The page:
Michael Casey has been a monk of Tarrawarra Abbey (Australia) since 1960 and is the author of many books including Sacred Reading (1996). In this sober-minded work, he offers his verse-by-verse reflections on the Prologue of St. Benedict's Rule. He hopes that there will be a wide audience for a work such as this but is under no illusions about its arcane emphasis on the monastic life of men many centuries ago.
Among the topics covered in the Prologue of St. Benedict's Rule are the goal of negating self-will, the idea that grace precedes goodness, the important role of "the labor of obedience" in the quest for union with God, the necessity of a total and unflinching dedication to Christ, the fear of the Lord, purity of heart, giving glory to God, the cultivation of whole-heartedness, and the monastery as "a school of the Lord's service."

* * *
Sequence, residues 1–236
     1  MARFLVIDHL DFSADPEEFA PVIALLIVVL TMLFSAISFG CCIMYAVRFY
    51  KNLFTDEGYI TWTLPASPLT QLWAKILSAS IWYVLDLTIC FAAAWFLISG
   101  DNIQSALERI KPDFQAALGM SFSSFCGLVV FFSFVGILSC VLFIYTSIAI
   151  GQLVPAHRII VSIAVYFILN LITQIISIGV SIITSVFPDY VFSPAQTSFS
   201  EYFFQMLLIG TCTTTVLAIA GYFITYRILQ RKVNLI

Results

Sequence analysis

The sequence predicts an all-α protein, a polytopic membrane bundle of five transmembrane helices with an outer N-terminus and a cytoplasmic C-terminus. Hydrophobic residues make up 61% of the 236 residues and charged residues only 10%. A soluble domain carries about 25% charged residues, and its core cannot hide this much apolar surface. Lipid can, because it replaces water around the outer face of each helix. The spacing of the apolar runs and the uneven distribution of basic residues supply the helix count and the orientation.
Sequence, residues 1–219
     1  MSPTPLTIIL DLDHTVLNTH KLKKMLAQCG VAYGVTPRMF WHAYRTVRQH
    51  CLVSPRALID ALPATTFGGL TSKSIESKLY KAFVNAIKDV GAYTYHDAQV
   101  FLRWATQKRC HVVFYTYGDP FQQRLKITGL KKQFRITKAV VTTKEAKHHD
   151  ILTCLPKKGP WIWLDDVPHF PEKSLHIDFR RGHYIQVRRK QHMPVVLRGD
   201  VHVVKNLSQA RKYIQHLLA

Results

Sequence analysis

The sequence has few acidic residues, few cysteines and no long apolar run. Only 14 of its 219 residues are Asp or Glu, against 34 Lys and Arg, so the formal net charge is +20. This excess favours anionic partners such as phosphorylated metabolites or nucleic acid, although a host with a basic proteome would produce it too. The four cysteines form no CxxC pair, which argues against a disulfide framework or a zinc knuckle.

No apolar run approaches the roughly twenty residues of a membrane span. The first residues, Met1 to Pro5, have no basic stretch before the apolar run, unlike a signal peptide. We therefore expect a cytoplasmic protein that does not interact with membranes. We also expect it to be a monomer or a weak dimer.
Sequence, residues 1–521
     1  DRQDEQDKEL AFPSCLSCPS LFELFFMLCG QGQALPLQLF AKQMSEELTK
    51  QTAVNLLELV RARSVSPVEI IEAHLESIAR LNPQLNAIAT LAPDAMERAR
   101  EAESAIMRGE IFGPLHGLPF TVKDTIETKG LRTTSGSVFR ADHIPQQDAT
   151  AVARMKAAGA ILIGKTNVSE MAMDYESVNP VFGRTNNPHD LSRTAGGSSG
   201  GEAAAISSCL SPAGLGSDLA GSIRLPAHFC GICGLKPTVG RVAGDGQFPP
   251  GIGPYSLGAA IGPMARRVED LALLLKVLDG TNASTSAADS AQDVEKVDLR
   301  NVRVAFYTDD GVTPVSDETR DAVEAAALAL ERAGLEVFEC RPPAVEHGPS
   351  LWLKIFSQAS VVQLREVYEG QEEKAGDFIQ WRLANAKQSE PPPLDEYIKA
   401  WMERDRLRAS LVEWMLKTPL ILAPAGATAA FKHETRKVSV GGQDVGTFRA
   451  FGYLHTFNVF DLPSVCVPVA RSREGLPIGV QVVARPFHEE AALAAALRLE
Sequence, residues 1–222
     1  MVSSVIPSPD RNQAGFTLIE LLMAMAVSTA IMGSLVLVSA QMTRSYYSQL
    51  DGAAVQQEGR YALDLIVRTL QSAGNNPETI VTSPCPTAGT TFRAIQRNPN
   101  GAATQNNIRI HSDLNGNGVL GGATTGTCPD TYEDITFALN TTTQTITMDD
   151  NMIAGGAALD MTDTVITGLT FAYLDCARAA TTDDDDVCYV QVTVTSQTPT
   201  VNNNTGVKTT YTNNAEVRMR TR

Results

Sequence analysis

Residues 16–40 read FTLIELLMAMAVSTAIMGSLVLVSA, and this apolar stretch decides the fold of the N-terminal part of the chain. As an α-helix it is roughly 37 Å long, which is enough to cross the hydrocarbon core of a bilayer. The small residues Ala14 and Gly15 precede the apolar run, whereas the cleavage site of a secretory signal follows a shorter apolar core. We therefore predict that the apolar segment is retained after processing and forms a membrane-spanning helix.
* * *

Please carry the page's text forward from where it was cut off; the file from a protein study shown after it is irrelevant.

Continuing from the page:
Casey calls St. Benedict "the patron saint of moderation" and has some interesting things to say about zeal, the practice of everyday virtues, and the quest for spiritual progress. We especially liked the author's take on peace in the monastery:
"You might remember the episcopal motto adapted by Angelo Roncalli before he became Pope John XXIII: 'In God's will is peace.' When we live in harmony with God's will, then our tongues are under control, we live good lives, and our hearts and minds are possessed by the tranquility of good order; we are in a situation where growth is possible. This is the peace 'that surpasses understanding,' the peace that is the Lord's gift to those who are his disciples."